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The Weilers, Version 1

Jack, Maggie, and their 5-year-old, Melissa, approach the entrance to the brand-new shopping mall that recently opened in their hometown. Melissa, thrilled with the opportunity to finally go to a Build-A-Bear Workshop, skips ahead in pure excitement.

Just inside the main walkway Jack sees the large vertical store directory and map. Rather than getting lost in such a large place through exploratory wandering, he decides to use the directory to figure out exactly where in the mall the Build-A-Bear store is.

The directory in front of him is typical. A floor plan is illustrated that labels each store using apparently arbitrary numbers. Those numbers are referenced and sorted by category to comprise the store directory.

Immediately, Jack’s frustration begins to build. He struggles to determine what category Build-A-Bear falls into; he’s looking under Gifts, then Baby, both without luck. Maggie chimes in and finally finds the store under Fun & Games with a label of “L34.”

Once again, frustration builds when the family members can’t find their current location, or determine where L34 is. They do not see a “You are here” indicator. Annoyed by this barrier, Jack and the family give up, and walk farther into the mall in hopes of eventually coming across the store.

The Weilers, Version 2

Figure 8-1. Search within the address book is a modal behavior on some of the newest touch-centric OSes. The fact that it varies from all the other search capabilities on the device, and is more like the classic Search Within pattern, indicates how important and expected the function is.

Jack, Maggie, and Melissa are excited about visiting the Build-A-Bear Workshop in the new shopping mall. As they enter the mall for the first time, they see a crowd of people gathering at the story directory kiosk.

As they walk toward the crowd, they are amused to see that the mall uses a multitouch in- teractive table to display its layout and directory. Jack places his fingers on a portion of the screen to begin. That portion of the interface lights up and generates a pop up with an option to locate a store or to begin a video chat with the mall’s customer service department.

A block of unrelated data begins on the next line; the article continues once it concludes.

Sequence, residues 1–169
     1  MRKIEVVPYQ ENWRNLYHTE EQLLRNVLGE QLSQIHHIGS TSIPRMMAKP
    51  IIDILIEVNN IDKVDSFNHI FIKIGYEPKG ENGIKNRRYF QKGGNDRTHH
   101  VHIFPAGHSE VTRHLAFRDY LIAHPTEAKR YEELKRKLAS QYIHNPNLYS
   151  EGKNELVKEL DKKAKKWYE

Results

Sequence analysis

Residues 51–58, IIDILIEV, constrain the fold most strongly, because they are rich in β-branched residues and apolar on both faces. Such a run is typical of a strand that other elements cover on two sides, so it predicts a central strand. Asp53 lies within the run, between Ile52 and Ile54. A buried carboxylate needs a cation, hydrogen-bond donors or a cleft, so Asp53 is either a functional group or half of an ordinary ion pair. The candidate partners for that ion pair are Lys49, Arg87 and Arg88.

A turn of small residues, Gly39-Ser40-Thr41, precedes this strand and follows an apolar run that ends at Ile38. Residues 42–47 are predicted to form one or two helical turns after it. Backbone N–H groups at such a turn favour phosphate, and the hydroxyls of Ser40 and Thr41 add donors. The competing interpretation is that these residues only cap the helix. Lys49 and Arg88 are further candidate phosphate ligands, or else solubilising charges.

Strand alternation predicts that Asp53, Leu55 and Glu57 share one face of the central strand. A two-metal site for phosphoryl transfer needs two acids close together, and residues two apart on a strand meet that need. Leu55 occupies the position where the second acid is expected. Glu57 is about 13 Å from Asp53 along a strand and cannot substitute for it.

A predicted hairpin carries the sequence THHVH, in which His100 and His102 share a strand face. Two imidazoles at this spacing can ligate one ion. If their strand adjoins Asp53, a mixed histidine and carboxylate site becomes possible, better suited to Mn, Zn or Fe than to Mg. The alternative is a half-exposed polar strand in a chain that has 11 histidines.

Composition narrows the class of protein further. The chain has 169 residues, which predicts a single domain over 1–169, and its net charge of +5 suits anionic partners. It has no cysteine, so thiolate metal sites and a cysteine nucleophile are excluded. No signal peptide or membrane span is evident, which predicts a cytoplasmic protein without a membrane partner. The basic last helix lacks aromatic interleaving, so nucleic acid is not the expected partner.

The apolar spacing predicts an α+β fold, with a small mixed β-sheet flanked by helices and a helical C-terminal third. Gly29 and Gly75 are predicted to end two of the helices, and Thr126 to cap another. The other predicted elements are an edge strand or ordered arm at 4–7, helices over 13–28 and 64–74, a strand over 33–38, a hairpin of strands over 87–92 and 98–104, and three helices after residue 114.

Jack is presented the option to filter his search by general category, with proxemics to his current location, or by alphabetized store name. Jack selects the alpha search, which reveals a vertical list of stores with location jump controls, as well as a text field with a touch keyboard.

Excited about this experience, Melissa engages with the table and uses the location jump control to find the stores that begin with the letter B. The “Build-A-Bear Workshop” label displays within the list. As she selects the name, an interactive floor plan of the mall immediately populates, illuminating the store’s location.

The floor plan at first shows the entire mall’s layout with callouts to the family’s current location and the Build-A-Bear location. Then the display slowly zooms and reorients to the family’s current position and animates an eye-level view of the walking route from their location to the Build-A-Bear store.

Having visually seen that the store is located on the second level next to the Food Court, one level above them and slightly to the right, the family heads in that direction, still excited by the engaging user experience.

The Difference

Figure 8-2. Gestural interfaces, almost by their nature, have little or no affordance before use. Location Jump is useful to allow initial gestures to expose more functions, and allow the user to reach his goal faster.

The two different scenarios provide polar examples of how a common task of locating information can lead to a frustrating user experience, or an enriching one. The solution was not just the power of the technology. It was also, and more importantly, how the content was organized, displayed, and made available to the user, in a manner useful to the user’s immediate needs and current context.

In the first scenario, all the information was presented at one tier, without the user’s ability to use controls to drill down, sort, and filter information for his current needs. This lack of control placed too much burden on the user, and resulted in a failed experience.

In the second scenario, the Weilers had access to a variety of information controls, such as location jump, search within, zoom and scale, and sort and filter, which made searching for relevant information much quicker. Each particular control provided a unique way of revealing different types of information.

Information Controls in the Mobile Space

In the mobile space, where limited display sizes constrain the amount of information presented at a given time, a user will require affordable functions that provide quick access to her intended goals.

The following are some guidelines for providing information controls in the mobile space: Provide controls that afford their functionality by resembling their intended function

Make the controls visible

Use appropriate metaphors to establish learnability through familiarity

Provide immediate and appropriate feedback

Provide constraints

Follow wayfinding principles

For more information on designing controls for people, refer back to Chapter 4. For a book on the subject, consider The Design of Everyday Things by Donald Norman (Basic Books).

Patterns for Information Controls

Using the information control widgets allows users to quickly access the type and amount of information within the current state of the device. In this chapter, we will discuss the following patterns:

Zoom & Scale

Location Jump

Search Within

Sort & Filter

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Information Controls (last edited 2011-12-13 16:46:38 by shoobe01)